Richard Baron is a primary care physician the Philadelphia area.
He published a paper in the New England Journal of Medicine entitled “What’s Keeping Us So Busy in Primary Care? A Snapshot from One Practice,” and discussed recently on KevinMD.com. Dr. Baron conclusively demonstrates that there is a deluge of uncompensated work performed by physicians in the outpatient arena. This comes as no surprise to those of us in office practice whether it is in a primary care or a specialty setting. The only surprise is in the ability of his electronic medical record system to track the quantity and scope of this work.
Such non-compensated work is growing in volume; it is growing in intensity and it is a critical link in the continuity of patient care. Doctors know the importance of timely communication in the coordination of care. They know the reassurance it gives patients. Patients have always recognized the value of non-office visit encounters. It is a key commodity in the doctor-patient relation. Nevertheless, third party payers have resisted assigning any value to the work.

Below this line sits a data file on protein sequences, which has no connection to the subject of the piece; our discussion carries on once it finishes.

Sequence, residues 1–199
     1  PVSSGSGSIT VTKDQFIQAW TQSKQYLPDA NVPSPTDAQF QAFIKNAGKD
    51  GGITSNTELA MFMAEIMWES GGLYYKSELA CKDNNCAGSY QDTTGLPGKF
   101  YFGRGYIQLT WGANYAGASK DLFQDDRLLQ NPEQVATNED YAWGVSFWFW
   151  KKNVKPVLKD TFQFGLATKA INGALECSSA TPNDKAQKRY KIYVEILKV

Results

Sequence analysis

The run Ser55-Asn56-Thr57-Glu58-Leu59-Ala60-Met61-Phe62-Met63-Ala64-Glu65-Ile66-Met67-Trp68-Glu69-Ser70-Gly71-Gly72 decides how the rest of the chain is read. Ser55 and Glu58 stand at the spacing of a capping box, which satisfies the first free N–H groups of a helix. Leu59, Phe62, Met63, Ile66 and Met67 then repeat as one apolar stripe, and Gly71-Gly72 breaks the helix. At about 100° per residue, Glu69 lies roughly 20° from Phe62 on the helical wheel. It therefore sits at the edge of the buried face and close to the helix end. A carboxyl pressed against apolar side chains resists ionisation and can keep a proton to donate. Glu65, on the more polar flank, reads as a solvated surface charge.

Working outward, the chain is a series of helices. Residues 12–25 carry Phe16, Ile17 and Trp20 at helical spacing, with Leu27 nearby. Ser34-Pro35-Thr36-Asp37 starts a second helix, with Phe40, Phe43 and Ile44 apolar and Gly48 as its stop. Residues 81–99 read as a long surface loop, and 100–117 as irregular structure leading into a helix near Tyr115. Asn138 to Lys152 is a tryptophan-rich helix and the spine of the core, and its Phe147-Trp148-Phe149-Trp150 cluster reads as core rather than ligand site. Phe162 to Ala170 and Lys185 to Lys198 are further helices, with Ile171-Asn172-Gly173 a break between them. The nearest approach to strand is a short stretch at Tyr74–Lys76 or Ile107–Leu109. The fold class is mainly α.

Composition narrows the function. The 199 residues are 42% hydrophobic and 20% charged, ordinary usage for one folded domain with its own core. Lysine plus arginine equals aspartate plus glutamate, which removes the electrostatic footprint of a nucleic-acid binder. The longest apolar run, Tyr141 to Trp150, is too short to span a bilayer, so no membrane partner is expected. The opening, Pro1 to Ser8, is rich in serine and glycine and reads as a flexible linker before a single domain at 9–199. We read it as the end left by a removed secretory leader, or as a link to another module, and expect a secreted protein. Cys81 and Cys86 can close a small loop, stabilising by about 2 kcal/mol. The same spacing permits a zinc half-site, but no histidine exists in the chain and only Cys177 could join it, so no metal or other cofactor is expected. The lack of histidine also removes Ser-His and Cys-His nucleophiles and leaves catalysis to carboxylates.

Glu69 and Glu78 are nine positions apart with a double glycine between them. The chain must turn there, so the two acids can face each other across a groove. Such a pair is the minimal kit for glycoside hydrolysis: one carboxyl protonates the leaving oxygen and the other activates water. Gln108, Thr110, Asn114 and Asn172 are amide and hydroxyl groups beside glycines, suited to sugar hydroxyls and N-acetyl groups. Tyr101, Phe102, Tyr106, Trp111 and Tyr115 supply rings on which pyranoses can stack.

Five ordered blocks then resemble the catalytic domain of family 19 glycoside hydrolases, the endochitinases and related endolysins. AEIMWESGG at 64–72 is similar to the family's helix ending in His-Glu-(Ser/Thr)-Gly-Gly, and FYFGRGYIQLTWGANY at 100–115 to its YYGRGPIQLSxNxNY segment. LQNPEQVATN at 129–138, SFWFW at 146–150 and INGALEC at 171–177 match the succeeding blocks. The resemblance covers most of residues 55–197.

This is done at the very time that the policies and procedures payers regarding pre-approval for procedures and medications adds (exponentially) to the burden that physicians carry on behalf of their patients. Given Dr. Baron’s robust documentation isn’t it time for there to be some pay for this performance?
Arthur Chernoff is Chair of the Division of Endocrinology at Albert Einstein Medical Center.
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